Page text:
1. Inhalt
  2. Navigation
  3. Weitere Inhalte
  4. Metanavigation
  5. Suche
  6. Choose from 30 Languages

Europe

Flooding wreaks havoc in southern France

At least 19 people have been killed in flash foods in France, after unusually heay rain trapped residents in their homes and vehicles. The death toll could rise, said one official.

The river Artuby floods the streets in Draguignan, southern France

Unusually heavy rains have transformed streets into rivers

At least 19 people have been killed in flash floods in southern France, according to regional authorities, and at least seven more people are missing following unusually heavy rain.

Rescue workers in the Var region used helicopters to airlift more than 1,000 people to safety as waters rose rapidly, trapping residents in their homes, in vehicles and on rooftops.

The town of Draguignan, near the Mediterranean Sea, was badly hit, with hundreds of vehicles swept away and several neighbourhoods were left underwater, said local prefect Hughes Parant.

A rescue truck in Draguignan

The floods are the region's worst in over 200 years

More than 35 centimeters (14 inches) of rain fell in Var within the space of several hours, beginning on Tuesday. Floodwaters in the town of Draguignan rose to about two meters (6.5 feet).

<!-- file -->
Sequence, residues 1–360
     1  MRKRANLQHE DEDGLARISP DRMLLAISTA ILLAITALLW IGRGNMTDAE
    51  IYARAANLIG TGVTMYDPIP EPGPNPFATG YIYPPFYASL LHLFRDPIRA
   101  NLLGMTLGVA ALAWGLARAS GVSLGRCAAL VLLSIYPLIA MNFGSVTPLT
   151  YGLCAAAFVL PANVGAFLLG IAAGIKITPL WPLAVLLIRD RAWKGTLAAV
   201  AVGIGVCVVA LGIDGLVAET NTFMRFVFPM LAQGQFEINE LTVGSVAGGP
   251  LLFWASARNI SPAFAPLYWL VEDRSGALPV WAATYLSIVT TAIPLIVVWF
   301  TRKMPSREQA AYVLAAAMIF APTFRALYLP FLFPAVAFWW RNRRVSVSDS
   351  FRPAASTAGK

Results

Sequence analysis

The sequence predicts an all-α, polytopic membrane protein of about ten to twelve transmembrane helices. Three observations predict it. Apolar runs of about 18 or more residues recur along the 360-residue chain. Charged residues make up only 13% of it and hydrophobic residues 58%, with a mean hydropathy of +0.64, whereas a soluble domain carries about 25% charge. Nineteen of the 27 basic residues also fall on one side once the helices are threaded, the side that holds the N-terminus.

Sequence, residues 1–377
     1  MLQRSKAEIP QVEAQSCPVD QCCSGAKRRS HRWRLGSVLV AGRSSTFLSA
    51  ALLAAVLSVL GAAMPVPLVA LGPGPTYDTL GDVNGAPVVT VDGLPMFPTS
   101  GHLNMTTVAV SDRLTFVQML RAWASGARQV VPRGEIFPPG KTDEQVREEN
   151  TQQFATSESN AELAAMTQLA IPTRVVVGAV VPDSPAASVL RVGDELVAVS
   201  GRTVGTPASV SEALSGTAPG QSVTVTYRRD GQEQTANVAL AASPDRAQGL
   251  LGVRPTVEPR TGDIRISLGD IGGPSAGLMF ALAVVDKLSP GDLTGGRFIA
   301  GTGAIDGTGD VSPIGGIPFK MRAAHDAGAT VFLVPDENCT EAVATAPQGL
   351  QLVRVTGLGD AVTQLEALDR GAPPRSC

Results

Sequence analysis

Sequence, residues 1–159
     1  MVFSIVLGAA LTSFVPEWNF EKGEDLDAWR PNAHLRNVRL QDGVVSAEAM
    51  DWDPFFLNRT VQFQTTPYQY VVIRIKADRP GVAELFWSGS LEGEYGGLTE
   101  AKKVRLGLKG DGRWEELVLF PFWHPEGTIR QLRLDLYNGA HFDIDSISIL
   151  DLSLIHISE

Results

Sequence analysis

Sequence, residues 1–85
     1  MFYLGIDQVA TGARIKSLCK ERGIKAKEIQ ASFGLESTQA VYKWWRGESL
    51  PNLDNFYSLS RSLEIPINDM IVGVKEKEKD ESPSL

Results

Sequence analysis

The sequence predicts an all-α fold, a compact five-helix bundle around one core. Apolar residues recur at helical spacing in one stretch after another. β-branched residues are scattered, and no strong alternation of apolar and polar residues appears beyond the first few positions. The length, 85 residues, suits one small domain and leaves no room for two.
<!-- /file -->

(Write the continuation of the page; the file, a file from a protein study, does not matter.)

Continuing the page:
Visit to assess damage

The death toll has climbed since Wednesday, and is expected to increase.

"I fear the (death) toll will go higher," said Interior Minister Brice Hortefeux, who visited the area to asses the damage.

French President Nicolas Sarkozy, who is expected to visit the region next week, expressed his condolences to residents.

Extraordinary flooding

French President Nicholas Sarkozy

Sarkozy is to visit the region early next week

Meteorologist said the flooding was the worse the region had seen since 1827. The SNCF rail authority halted train service between Toulon and Nice until Friday.

The weather service Meteo France said more could fall Thursday. The service also issued a heavy rain alert for parts of southwestern France.

Sarah Harman (AP/AFP/Reuters)
Editor: Chuck Penfold

DW recommends